History of Hive COMMUNITIES and what is next (From my perspective)

Was talking with @theycallmedan a couple times last week about COMMUNITIES and I decided it would be helpful to me and perhaps others to take a stroll down memory lane about communities history... and then future.

This is a retrospective view of communities and some of these memories are 2+ years old so I may not remember them super well and since there has been pretty much 0 work on community backend stuff since all the Steemit INC employees namely @roadscape left. This is my post to try to remember all the things we wanted to do with communities but haven't been touched in forever.
I may have some of these memories wrong is what i'm trying to say.


THE HISTORY... from my view

My history of communities is perhaps very different from the developers that actually got it done (I'm not a developer). So take that for what it is.

I remember 2 years ago (this month i think) I was pushing really hard to make communities happen and we (Peak Projects) had been thinking about it for a couple months prior to that, in some way or another on our own platform (steempeak.com at the time). Steemit INC had talked about wanting it to happen for a while before that but nothing (apparent to us) was happening and we knew they had a lot of other things going on and it didn't seem communities was high priority... so we were starting to take matters into our own hands. But it was this month there were some community discord audio shows where some Steemit people like Ned came in and talked about where they stood on SMT and communities and started to talk about renewed interest in communities.
Meanwhile our own team was already talking to a random developer on steem who seemed gung-ho about creating a backend structure and API that would enable communities to happen. We were throwing around a bunch of ideas at the end of 2018 and into 2019 and working with this developer. Hivemind was pretty new and wasn't being used much but we realized that using hivemind to help with this system would be beneficial so we talked to @roadscape. Maybe perhaps our indications that we were just gonna take matters into our own hands was good motivation to get steemit inc to move up the priorities... who knows.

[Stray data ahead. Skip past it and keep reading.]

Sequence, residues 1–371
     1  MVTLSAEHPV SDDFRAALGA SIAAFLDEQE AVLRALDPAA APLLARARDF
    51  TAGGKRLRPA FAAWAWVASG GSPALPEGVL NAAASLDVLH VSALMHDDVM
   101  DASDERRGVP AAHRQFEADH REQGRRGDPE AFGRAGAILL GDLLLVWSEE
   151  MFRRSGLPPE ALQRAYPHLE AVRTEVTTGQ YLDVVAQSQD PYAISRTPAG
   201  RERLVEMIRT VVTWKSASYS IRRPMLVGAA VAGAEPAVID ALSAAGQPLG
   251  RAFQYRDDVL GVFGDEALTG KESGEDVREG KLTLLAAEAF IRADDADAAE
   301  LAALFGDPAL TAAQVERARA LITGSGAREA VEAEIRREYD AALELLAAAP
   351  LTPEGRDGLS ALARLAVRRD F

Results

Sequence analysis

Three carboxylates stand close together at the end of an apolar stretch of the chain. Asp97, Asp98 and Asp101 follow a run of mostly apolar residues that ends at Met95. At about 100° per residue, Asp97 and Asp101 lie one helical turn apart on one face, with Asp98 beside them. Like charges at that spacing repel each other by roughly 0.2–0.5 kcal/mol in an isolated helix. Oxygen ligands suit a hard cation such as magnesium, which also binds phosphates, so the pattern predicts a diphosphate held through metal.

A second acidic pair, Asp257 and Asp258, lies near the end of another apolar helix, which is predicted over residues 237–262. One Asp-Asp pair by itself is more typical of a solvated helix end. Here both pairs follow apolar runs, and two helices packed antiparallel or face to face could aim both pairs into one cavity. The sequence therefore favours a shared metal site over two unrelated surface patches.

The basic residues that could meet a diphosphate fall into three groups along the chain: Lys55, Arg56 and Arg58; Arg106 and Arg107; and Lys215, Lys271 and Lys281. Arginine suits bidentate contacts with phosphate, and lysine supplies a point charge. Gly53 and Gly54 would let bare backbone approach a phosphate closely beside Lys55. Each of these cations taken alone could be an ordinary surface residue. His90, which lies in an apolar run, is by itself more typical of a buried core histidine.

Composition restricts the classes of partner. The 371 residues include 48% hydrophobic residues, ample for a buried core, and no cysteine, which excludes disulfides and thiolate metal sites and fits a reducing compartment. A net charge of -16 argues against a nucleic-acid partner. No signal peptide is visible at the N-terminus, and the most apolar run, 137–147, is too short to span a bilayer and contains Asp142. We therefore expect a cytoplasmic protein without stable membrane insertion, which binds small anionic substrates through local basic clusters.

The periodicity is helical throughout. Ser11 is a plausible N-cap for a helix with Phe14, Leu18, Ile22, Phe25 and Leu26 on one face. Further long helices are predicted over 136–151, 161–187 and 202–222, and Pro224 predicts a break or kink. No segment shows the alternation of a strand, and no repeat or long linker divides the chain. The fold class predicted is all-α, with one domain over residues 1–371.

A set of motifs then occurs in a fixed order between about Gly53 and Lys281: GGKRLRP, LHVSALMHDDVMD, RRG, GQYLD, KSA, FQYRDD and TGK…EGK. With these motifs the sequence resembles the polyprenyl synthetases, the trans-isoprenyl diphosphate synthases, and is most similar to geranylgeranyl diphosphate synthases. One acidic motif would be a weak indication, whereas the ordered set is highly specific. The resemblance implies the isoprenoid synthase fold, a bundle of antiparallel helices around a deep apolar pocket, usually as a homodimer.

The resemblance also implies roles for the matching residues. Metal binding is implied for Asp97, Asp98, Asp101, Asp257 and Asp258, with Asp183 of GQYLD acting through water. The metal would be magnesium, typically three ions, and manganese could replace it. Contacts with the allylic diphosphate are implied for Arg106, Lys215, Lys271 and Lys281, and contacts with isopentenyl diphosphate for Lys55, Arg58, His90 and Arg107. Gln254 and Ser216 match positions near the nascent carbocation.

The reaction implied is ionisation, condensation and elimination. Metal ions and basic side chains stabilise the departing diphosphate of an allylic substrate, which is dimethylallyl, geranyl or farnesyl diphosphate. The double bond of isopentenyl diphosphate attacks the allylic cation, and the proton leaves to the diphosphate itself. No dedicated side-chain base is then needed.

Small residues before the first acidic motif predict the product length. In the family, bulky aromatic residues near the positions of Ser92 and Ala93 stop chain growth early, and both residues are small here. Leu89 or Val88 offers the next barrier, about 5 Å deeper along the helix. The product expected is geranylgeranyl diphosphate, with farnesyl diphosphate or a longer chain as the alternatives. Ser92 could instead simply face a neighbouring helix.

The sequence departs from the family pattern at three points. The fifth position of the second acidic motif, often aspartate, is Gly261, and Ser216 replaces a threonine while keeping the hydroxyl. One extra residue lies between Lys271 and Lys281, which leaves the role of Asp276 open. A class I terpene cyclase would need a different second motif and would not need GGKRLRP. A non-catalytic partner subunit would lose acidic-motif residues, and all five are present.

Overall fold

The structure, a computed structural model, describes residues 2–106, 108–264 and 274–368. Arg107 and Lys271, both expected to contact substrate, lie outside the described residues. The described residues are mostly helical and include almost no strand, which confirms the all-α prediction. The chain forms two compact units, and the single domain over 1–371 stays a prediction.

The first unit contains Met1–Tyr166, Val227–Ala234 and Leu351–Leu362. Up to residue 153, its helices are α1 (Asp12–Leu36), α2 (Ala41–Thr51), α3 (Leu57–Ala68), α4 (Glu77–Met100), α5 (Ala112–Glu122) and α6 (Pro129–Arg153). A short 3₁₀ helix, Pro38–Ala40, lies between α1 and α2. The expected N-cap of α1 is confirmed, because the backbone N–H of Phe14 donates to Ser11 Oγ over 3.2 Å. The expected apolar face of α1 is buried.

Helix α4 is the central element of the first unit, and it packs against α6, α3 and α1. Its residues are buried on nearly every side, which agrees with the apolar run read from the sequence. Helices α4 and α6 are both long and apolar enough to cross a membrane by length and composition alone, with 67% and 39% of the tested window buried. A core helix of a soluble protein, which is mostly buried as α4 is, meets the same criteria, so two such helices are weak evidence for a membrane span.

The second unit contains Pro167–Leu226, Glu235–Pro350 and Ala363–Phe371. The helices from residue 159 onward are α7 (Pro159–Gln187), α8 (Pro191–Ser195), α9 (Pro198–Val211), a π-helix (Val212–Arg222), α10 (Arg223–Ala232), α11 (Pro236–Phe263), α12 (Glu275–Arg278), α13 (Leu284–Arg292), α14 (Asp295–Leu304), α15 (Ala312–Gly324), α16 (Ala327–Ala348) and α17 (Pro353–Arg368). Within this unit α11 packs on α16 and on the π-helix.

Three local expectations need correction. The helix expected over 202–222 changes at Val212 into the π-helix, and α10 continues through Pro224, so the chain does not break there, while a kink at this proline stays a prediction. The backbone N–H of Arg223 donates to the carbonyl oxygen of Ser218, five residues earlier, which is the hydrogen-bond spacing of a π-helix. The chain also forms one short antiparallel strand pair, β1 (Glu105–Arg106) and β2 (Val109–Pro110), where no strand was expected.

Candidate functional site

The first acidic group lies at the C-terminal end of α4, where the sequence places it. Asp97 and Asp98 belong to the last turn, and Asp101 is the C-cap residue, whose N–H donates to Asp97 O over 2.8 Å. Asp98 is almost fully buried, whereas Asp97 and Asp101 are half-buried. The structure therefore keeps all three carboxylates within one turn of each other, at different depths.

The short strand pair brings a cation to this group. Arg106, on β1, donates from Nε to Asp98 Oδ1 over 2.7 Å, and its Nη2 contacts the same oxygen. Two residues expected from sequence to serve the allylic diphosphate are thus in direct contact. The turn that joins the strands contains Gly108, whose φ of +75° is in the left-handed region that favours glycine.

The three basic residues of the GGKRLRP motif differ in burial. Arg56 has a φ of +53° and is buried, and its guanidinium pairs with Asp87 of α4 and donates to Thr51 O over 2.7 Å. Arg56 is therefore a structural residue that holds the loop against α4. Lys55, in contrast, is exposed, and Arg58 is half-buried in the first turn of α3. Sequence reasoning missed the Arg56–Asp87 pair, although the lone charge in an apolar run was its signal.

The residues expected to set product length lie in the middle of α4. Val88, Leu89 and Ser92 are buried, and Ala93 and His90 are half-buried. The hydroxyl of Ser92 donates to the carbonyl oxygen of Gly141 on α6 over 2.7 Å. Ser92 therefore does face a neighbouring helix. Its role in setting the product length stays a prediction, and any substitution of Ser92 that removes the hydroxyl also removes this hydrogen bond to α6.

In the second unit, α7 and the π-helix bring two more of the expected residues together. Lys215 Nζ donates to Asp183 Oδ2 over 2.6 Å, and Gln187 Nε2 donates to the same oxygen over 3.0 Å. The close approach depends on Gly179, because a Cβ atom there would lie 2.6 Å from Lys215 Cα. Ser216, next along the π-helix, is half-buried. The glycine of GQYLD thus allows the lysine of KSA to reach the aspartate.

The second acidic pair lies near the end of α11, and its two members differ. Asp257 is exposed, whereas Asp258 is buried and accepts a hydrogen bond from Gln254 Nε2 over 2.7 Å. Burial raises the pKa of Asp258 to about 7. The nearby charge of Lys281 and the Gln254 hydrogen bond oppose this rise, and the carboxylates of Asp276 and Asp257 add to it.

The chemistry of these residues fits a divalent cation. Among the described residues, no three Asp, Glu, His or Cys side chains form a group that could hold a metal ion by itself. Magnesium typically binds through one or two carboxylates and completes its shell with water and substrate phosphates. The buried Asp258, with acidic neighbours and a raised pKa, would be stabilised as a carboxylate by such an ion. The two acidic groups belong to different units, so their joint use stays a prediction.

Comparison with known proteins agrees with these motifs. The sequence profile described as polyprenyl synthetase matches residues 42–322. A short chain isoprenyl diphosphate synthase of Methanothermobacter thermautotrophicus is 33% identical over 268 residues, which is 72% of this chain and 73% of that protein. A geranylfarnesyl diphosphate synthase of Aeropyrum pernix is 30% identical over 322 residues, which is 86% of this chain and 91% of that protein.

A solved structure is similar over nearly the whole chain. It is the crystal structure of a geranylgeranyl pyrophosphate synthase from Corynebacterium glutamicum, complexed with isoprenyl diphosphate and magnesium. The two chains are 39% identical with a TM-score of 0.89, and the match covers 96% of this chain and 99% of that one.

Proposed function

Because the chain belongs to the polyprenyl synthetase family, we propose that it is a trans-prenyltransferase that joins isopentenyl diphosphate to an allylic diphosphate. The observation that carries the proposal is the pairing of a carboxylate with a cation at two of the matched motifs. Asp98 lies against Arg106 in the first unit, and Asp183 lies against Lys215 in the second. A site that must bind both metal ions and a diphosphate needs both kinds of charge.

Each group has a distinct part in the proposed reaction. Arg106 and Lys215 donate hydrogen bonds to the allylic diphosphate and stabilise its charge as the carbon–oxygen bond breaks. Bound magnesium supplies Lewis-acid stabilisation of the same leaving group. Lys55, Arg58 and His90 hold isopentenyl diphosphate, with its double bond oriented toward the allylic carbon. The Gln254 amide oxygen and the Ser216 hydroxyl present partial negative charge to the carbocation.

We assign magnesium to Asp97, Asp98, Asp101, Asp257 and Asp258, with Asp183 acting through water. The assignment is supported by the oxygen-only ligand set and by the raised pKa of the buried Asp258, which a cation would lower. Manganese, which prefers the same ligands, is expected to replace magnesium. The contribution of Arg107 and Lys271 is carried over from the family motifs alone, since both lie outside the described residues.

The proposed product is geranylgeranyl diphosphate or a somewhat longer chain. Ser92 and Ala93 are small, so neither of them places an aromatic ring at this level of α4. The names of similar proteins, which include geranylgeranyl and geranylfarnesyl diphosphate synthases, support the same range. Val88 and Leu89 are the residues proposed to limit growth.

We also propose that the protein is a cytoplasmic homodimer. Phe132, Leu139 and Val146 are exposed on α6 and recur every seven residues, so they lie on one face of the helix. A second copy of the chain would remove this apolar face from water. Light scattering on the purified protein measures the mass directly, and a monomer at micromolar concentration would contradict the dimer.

I can't remember all the details but the short of the story is that basically we were told that the backend protocol that steemit inc had in mind to enable communities wouldn't take that much time and perhaps it would be beneficial to wait for it. When it comes down to it we had plenty of other things to work on with steempeak.com (predecessor of PeakD) so waiting wouldn't be the worst thing for us and we much much preferred a decentralized system built on a more solid DB like hivemind would be best for the us and the community.